Lindows opens door for IPO

A week after rechristening its namesake software, the embattled company registers with the SEC for an initial public offering of up to $57.5 million in common stock.

Matt Hines
Matt Hines Staff Writer, CNET News.com
Matt Hines
covers business software, with a particular focus on enterprise applications.
3 min read
Embattled Linux software maker Lindows announced Tuesday that it has filed a registration statement with the Securities and Exchange Commission for an initial public offering of common stock.

The company reported that it plans to offer the shares in an IPO underwritten by San Francisco-based investment firm WR Hambrecht, but did not give any time frame for the undertaking. Lindows markets Linux-based operating system software and services designed specifically for desktop and laptop computers.

The IPO is expected to be for as much as $57.5 million in common stock, according to the SEC filing. The San Diego-based company would trade on the Nasdaq under the symbol LINE.

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According to the filing, at least a fifth of the IPO proceeds would be used to repay Lindows founder Michael Robertson for the $10.4 million he has invested in the company.

The S-1 statement filed with the SEC also gives the first indication of Lindows' finances. For 2003, the company reported a net loss of $4.08 million on net revenue of $2.07 million. In 2002, the company had a net loss of $6.68 million on net revenue of about $63,000. The company currently lists $934,000 in total assets, including about $250,000 in cash, and total indebtedness of $4.7 million.

"It will be interesting to see how the market receives a company with only $2 million in revenue and a $4 million loss," said Katherine Egbert, a securities analyst with Jeffries & Co. But the company likely sees an opportunity in Linux investors, she added: "It is likely Lindows is looking to capitalize on the high valuations of Red Hat and Novell, which are driven in part by the scarcity of public Linux investments."

The S-1 filing also notes that in a recent report, an independent auditor hired by Lindows expressed doubts about the company's viability, concluding that "our historical losses and negative cash flows from operations raise substantial doubt about our ability to continue as a going concern." Proceeds from the IPO will allow the company to "continue as a going concern," according to the report.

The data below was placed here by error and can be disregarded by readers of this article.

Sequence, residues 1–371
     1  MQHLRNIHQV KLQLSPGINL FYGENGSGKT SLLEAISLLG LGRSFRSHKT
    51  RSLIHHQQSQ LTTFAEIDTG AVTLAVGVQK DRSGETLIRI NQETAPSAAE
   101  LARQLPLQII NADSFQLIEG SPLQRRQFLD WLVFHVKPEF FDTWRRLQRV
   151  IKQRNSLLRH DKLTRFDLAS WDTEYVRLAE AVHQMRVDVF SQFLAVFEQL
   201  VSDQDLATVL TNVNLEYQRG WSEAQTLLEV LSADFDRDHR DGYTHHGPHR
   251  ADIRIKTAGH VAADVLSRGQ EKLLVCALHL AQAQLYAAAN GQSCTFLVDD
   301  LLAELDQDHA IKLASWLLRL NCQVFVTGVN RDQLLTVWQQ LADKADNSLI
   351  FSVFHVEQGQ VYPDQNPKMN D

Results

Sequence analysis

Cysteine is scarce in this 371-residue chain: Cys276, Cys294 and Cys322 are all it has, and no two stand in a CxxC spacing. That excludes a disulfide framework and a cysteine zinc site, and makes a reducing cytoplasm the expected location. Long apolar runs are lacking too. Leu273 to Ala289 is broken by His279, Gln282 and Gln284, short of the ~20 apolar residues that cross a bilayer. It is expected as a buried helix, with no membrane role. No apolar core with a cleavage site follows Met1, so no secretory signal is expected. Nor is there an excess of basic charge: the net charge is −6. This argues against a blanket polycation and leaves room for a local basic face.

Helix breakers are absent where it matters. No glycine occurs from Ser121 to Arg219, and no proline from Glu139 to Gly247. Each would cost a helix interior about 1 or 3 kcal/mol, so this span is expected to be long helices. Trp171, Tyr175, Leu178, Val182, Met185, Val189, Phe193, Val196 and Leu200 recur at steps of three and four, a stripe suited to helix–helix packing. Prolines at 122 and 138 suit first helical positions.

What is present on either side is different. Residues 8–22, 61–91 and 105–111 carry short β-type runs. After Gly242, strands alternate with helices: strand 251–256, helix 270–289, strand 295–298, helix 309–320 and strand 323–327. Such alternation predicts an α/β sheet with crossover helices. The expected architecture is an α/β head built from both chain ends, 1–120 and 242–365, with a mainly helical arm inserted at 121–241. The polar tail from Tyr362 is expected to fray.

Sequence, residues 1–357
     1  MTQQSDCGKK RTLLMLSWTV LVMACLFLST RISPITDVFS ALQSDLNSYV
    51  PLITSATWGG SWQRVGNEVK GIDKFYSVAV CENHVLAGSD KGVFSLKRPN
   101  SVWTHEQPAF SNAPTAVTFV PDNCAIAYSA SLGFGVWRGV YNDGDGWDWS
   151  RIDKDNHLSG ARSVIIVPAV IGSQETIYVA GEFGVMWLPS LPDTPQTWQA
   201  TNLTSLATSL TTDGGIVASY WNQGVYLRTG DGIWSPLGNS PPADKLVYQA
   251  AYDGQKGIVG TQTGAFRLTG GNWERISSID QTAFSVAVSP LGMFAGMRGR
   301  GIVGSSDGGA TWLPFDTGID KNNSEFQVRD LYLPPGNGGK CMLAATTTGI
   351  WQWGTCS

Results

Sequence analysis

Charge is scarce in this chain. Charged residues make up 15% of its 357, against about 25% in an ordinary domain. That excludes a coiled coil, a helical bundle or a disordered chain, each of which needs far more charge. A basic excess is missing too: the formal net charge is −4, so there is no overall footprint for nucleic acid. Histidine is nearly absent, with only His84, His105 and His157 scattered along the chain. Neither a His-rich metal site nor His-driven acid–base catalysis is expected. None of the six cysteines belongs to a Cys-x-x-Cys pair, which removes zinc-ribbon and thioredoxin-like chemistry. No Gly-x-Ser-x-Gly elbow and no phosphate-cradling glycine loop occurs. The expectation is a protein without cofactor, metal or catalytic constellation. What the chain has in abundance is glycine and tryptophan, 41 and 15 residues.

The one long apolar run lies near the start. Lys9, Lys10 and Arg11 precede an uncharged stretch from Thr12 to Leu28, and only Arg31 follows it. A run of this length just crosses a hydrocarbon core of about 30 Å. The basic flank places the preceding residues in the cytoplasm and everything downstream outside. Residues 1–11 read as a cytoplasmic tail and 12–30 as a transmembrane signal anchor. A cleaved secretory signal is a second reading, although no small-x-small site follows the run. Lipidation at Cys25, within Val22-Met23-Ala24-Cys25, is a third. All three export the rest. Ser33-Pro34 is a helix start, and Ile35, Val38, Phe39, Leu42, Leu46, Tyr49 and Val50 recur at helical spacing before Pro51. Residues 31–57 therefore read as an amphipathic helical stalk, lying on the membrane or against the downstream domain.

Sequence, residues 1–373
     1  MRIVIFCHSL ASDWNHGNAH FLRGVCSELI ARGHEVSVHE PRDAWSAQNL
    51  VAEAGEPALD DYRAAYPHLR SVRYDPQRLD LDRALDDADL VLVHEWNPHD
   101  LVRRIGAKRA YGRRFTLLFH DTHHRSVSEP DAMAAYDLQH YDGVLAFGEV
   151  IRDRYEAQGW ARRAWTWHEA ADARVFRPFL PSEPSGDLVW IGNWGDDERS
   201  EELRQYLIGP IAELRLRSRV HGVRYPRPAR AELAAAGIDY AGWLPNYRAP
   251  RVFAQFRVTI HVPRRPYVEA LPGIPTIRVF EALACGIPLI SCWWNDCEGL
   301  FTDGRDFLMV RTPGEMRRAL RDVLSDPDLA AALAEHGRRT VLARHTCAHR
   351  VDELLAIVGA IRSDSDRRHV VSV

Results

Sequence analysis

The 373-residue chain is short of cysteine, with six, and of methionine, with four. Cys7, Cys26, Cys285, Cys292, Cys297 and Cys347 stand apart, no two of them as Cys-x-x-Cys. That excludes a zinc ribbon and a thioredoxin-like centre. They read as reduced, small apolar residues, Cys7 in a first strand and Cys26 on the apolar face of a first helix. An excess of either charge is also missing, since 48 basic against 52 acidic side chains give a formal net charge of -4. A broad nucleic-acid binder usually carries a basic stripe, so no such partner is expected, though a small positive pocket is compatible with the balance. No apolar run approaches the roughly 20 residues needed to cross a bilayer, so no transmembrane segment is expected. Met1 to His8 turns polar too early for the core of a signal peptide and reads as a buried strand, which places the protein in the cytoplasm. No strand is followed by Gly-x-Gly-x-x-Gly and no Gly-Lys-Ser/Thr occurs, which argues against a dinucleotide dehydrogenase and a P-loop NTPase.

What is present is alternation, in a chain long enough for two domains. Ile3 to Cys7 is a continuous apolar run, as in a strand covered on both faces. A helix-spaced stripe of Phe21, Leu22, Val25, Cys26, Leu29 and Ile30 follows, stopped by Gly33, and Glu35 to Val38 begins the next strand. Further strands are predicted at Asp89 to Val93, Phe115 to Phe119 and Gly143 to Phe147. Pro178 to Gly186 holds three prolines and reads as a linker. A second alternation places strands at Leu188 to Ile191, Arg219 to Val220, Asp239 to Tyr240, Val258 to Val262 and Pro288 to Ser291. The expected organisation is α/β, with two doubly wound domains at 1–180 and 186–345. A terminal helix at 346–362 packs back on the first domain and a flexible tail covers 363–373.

The announcement comes at a tempestuous time for Lindows, which last week renamed its namesake operating system to Linspire as a result of continued legal battles with rival Microsoft. The change had been expected, following recent court rulings in Europe regarding Microsoft's claim that the Lindows name infringes on the software giant's trademark for its Windows operating system.

Lindows adopted the Linspire moniker for Europe and other foreign markets. In the United States, however, where the Linux company has had more interim success in its legal battles, the term Lindows will still be used in certain instances and as the corporate name.

The S-1 filing reveals several other lawsuits pending against Lindows. The company's general liability insurer, St. Paul Fire & Marine Insurance, sued the company in U.S. District Court for Central California two years ago, seeking a ruling that the insurer is not responsible for legal costs or damages associated with the Microsoft trademark dispute. The court ruled in Lindows' favor on the main issues, but the companies are still awaiting judgment on other claims, including Lindows' countersuit.

The filing also reveals that Lindows is suing Xandros, which sells a competing desktop Linux package based on products developed by Corel, over a $750,000 loan that Lindows alleges Xandros defaulted on. That case is still in the discovery phase, according to the filing.

The Linux software maker is the latest in a string of companies to move forward with IPO plans, including antispam software maker Brightmail, comparison shopping engine Shopping.com and hosted business applications provider Salesforce.com. Despite facing some regulatory hurdles, the Salesforce.com IPO is expected to rekindle investor interest in technology IPOs unseen since the late-1990s stock market boom.

Search king Google is rumored to be heading toward its own highly anticipated IPO later this year.

CNET News.com's David Becker and Stephen Shankland contributed to this report.